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Does your pet need a passport after Brexit?

Are you a British citizen with a dog, cat, or ferret? If you're among the 52% of United Kingdom (UK) adults who own a pet, be warned. There are some important changes to be aware of if you're planning on living abroad in the European Union (EU) or travelling with pets to a second home on the continent. 

Because of Brexit-related rule changes implemented on 1 January 2021, Great Britain is no longer part of the European Union pet travel scheme (PETS). That means that instead of travelling with your United Kingdom (UK) pet passport, you now need to comply with the relevant regulations for the 27 countries within the EU. 

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What's the issue with UK pet passports?

Pet passports issued in the UK are no longer valid in the EU. So if you want to cross the English Channel or Irish Sea with your pet, you'll need to obtain an animal health certificate (AHC). Sounds simple? It's proving to be a big headache for pet owners and expat forums are ablaze with stories of high costs and extensive paperwork. The 12-page form to apply for the AHC is longer than for old EU passports and there's no guarantee that your application will be approved. 

While you can no longer use a pet passport from Great Britain, you might be lucky if you have a passport issued from the following:

EU, Andorra, Faroe Islands, Gibraltar, Greenland, Iceland, Liechtenstein, Monaco, Northern Ireland, Norway, San Marino, Switzerland, Vatican City.

If that's the case, you should still be able to enter the EU directly from Great Britain, providing your destination country accepts the passport. Should authorities choose to refuse your passport, you will need to obtain an animal health certificate.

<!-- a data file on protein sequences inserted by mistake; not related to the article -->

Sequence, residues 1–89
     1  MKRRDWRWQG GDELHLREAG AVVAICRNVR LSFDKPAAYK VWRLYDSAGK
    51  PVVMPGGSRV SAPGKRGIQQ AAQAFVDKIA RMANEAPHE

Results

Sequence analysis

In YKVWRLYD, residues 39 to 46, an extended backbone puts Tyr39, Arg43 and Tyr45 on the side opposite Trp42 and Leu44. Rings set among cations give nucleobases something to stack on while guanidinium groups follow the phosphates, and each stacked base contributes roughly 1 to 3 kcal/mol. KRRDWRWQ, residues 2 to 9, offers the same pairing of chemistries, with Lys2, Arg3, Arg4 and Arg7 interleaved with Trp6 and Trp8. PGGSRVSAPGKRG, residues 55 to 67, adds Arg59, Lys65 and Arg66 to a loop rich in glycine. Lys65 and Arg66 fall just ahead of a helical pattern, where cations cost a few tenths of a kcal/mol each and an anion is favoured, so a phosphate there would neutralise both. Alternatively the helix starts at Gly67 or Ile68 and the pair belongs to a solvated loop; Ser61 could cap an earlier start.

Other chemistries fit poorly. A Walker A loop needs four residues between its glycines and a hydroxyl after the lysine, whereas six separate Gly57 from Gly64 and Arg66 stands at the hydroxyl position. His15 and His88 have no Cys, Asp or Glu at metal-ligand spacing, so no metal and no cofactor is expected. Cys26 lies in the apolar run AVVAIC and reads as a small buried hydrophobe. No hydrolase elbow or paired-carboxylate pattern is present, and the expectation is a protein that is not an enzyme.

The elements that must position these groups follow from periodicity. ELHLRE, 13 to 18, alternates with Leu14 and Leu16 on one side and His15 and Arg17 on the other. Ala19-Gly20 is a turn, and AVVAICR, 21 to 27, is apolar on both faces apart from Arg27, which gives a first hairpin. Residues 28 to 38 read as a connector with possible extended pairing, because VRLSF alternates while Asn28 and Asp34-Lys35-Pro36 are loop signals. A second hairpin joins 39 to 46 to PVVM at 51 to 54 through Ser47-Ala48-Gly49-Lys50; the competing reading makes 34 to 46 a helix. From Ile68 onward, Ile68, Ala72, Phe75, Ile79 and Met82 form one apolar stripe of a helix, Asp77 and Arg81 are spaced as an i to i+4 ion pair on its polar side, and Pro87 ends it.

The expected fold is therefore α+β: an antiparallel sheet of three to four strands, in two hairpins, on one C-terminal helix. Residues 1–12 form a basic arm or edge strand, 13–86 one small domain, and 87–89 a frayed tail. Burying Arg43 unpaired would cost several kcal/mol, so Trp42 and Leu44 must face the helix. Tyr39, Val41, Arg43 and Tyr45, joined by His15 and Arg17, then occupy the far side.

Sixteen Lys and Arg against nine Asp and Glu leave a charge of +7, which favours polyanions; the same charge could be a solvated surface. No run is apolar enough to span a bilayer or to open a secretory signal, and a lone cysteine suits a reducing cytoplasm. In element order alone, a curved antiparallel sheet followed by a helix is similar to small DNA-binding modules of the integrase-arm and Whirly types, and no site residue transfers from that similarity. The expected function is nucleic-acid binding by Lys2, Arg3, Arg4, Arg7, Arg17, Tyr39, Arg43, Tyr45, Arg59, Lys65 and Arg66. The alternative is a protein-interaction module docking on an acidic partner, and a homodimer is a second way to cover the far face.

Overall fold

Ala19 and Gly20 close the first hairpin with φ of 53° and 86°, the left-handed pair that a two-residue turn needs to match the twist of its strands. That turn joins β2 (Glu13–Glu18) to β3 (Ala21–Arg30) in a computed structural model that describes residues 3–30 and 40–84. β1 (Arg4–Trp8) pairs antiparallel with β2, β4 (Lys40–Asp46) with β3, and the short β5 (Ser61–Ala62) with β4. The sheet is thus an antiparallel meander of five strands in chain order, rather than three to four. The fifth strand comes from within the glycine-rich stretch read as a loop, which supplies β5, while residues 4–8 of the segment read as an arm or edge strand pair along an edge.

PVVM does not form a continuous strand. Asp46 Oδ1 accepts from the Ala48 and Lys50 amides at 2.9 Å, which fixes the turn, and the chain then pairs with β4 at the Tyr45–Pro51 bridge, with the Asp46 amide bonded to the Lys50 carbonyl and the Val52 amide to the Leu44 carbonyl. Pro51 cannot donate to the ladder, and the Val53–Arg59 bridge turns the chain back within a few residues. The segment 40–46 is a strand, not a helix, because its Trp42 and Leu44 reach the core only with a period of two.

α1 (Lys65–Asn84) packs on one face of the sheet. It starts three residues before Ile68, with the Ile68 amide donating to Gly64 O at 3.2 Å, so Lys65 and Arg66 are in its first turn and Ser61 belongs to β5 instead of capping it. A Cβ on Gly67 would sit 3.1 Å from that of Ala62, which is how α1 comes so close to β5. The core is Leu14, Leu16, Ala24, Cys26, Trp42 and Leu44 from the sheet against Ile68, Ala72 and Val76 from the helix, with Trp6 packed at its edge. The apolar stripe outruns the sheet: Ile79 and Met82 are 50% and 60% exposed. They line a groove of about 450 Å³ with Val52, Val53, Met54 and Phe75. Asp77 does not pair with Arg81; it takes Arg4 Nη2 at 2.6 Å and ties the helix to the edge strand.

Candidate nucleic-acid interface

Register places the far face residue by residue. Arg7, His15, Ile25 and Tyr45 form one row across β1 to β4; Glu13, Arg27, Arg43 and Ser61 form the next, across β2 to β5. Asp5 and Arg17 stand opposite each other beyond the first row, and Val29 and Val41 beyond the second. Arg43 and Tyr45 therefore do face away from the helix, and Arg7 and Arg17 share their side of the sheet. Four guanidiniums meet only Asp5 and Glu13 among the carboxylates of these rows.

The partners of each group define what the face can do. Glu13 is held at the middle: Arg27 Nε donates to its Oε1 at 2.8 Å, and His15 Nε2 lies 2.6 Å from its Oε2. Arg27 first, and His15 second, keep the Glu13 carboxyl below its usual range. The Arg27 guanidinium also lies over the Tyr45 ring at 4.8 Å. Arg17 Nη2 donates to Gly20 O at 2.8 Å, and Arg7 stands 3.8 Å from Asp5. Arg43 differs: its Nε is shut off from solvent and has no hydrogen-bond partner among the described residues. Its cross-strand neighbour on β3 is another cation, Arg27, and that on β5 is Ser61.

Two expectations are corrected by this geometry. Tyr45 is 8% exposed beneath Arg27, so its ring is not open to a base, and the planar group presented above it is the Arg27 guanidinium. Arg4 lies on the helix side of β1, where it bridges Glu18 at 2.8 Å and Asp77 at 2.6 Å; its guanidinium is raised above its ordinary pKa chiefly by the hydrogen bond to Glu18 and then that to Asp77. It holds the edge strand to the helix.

What is the animal health certificate?

The AHC confirms that your pet is microchipped and vaccinated against rabies. Dogs, cats and ferrets are the three domestic animals most susceptible to the disease. 

The AHC features your details, a description of your pet, proof of rabies vaccination (within three years) and the intended destination within the EU. Certain countries may also require a rabies blood test and proof of canine tapeworm treatment. 

Timing is important. At least 21 days must elapse between any rabies vaccinations and completion of your AHC application, and the AHC must be issued within 10 days of intended travel. Given that pets must be at least 12 weeks old to be vaccinated, that means that you won't be able to travel with any pet that is under 15 weeks old. 

How to get your pet paperwork

The AHC must be signed by an official veterinarian (OV) and they're in short supply. Leave your application to the last minute, and you may find that the ones in your area are already overbooked.  

Once you have successfully secured an appointment, you'll need to bring your pet and their:

  • Microchipping details. 

  • Vaccination history.

  • Valid rabies vaccination.

If you're travelling to certain countries (Finland, Ireland, Northern Ireland, Norway, Malta), you'll also need to have your pet treated for tapeworm. 

The cost for the AHC is typically between £100 and £150, but you'll pay extra for vaccinations and blood tests.